For August, I am raising my July forecast for West Texas Intermediate (WTI) oil by $5 per barrel to range between $70 and $90 per barrel.
The voluntary OPEC+ cuts by Saudi Arabia and Russia have tightened the physical markets and raised the price of oil. And, according to an article from Javias Blas of Bloomberg, “The Harsh Truth: We’re Using More Oil Than Ever” (subscription required), oil demand remains strong. A quote from his article is as follows:
So far, we have only partial numbers for May and June, and directional evidence for July. Extrapolating from earlier this year, the fresh information, including real-time traffic congestion in multiple countries and global airline travel, suggests that global oil demand went above the pre-Covid peak recently, even when considering the margin of error.
We do have much better information for the January-to-April period. Global oil demand averaged 100.8 million barrels a day during the first four months of 2023, above the same period in 2019, when the average was 99.9 million, according to my calculations based on monthly data from the IEA.
That said, according to the Patrick De Haan, the GasBuddyGuy on X, the peak gasoline demand for summer is likely behind us.
According to GasBuddy data, week-to-date gasoline demand is down 0.7% from last week and 1.8% below the four week moving average. It appears likely that demand for the summer may have peaked.
— Patrick De Haan ⛽️📊 (@GasBuddyGuy) July 29, 2023
OPEC+ is meeting in early August. I anticipate Saudi Arabia will continue its voluntary cut into September and otherwise do not expect any changes. If it decides to maintain its cut, that should help support oil during the shoulder season. The oil shoulder season is typically from after Labor Day until the end of October.
The S&P 500 has been strong over the past few weeks, surprising a lot of stock market pundits. If the market should correct after this run, then I would expect oil to correct along with the market.
Although North American markets have been strong, Europe is weaker. And China has surprised many, including me, by having had a weak year so far.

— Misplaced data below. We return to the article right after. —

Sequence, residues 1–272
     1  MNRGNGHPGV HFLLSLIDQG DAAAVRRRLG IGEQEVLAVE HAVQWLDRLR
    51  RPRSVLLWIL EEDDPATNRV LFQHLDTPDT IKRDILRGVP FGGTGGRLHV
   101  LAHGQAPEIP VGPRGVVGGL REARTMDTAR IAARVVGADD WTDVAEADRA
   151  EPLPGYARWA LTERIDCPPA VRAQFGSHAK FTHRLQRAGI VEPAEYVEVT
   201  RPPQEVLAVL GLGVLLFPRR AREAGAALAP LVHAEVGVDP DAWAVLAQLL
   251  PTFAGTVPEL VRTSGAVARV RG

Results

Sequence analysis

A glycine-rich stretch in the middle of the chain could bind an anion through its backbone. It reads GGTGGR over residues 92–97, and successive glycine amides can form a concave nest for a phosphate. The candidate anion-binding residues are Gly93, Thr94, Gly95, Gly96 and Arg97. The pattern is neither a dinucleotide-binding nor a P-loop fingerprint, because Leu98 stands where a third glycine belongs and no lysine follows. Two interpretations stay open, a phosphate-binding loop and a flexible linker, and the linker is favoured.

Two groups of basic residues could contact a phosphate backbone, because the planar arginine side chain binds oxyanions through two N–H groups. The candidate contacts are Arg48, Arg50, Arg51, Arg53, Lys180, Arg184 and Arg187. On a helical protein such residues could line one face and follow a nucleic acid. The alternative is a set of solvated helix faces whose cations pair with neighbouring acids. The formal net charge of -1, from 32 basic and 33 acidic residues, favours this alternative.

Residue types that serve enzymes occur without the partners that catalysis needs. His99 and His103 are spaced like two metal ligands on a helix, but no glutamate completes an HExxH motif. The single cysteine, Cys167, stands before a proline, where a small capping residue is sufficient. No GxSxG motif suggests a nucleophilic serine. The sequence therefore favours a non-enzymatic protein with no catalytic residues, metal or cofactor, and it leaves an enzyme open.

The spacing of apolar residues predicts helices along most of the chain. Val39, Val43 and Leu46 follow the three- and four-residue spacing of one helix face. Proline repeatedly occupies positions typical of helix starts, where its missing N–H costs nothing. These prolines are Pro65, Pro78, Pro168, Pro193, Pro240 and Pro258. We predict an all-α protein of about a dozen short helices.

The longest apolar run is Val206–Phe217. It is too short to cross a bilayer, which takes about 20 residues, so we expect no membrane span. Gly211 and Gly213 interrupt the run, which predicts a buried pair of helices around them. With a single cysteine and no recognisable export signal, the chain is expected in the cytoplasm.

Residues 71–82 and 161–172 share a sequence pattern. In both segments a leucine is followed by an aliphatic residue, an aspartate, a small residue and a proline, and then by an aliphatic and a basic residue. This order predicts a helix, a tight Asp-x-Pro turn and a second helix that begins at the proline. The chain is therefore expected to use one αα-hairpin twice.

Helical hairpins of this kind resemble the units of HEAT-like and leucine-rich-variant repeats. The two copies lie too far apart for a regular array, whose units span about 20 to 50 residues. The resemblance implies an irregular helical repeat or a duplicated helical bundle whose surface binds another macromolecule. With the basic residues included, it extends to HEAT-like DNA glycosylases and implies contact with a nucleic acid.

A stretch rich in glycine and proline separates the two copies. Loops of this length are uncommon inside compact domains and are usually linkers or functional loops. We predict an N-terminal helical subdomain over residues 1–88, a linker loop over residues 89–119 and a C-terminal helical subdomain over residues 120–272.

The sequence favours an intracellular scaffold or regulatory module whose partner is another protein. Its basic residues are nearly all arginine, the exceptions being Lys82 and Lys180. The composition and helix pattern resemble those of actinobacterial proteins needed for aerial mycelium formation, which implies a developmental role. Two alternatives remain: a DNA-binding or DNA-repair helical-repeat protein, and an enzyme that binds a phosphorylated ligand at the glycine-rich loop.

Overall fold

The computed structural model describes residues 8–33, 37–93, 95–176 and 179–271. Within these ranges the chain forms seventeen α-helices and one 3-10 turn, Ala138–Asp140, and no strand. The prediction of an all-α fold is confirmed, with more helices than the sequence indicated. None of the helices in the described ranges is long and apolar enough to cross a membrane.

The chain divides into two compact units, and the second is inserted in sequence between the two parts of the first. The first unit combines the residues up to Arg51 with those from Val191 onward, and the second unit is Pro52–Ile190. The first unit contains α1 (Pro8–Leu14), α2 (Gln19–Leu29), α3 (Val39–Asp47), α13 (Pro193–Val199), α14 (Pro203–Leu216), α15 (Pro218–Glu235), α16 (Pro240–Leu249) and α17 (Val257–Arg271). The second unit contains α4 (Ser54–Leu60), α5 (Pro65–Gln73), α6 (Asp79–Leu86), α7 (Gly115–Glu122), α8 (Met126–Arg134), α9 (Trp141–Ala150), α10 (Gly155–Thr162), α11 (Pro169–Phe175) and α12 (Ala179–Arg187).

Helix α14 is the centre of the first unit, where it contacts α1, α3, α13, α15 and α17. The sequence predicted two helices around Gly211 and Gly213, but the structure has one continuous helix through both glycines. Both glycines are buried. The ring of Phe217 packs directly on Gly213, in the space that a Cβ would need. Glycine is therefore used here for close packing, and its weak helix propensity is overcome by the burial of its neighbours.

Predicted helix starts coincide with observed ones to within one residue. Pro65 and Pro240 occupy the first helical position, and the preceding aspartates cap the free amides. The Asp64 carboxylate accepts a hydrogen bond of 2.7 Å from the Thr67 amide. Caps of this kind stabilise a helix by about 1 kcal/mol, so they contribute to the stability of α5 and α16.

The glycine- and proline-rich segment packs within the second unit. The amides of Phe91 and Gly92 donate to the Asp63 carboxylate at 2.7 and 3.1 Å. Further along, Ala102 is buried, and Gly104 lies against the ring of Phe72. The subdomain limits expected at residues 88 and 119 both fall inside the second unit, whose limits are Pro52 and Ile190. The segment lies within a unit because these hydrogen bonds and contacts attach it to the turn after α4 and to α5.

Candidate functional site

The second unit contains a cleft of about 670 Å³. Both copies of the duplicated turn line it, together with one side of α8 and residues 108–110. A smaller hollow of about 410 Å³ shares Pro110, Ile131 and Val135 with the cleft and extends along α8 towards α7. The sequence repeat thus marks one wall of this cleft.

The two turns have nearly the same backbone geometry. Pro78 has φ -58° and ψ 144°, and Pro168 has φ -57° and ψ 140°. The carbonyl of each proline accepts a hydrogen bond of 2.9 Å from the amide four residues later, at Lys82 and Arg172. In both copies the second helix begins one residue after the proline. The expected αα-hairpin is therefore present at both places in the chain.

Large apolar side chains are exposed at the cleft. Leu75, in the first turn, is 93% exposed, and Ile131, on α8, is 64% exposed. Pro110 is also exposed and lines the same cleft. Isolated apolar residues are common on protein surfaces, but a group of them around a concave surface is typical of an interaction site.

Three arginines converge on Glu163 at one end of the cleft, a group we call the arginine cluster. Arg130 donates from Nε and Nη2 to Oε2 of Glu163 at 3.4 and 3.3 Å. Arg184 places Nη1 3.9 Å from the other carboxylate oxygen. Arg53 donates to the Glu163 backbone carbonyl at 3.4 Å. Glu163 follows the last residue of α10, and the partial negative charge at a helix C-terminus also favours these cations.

The Financial Times published an article “Work dries up for US consultancies in China after national security raids” (subscription required), which complements the New York Times podcast.
Top US consultancies are struggling to attract business in China as Beijing’s national security raids scare away local clients and global investors pull back from dealmaking in the country.
Management consultancy Bain is telling new China hires to wait until as late as 2025 to start their jobs, while roughly half of McKinsey staff do not have paid client projects to work on. Boston Consulting Group’s China team has been holding strategy sessions on how to revive its flagging business, according to half a dozen people close to the firms.
Just after publishing my blog entry last month, I watched a YouTube video titled “The Chinese Yuan ‘Doom Loop’ & The Oil-Dollar Wrecking Ball with Michaeal Kao and Alexander Stahel.” Watching my Twitter, now X, feed, these two individuals have been negative to flat on oil prices for at least the last six months. I always found their commentary frustrating because it was counter to my more bullish outlook. The reality is that they were correct. So it is always good to pay attention to those who espouse a different viewpoint or outlook. Even though this past month their ursine outlook has not proven itself correct, you should find value in their thinking. And I would encourage you to follow them on X: Michaeal Kao and Alexander Stahel.
In summary, although there remain lots of crosscurrents that are affecting oil, I am expecting WTI prices to range between $70 and $90 per barrel for August.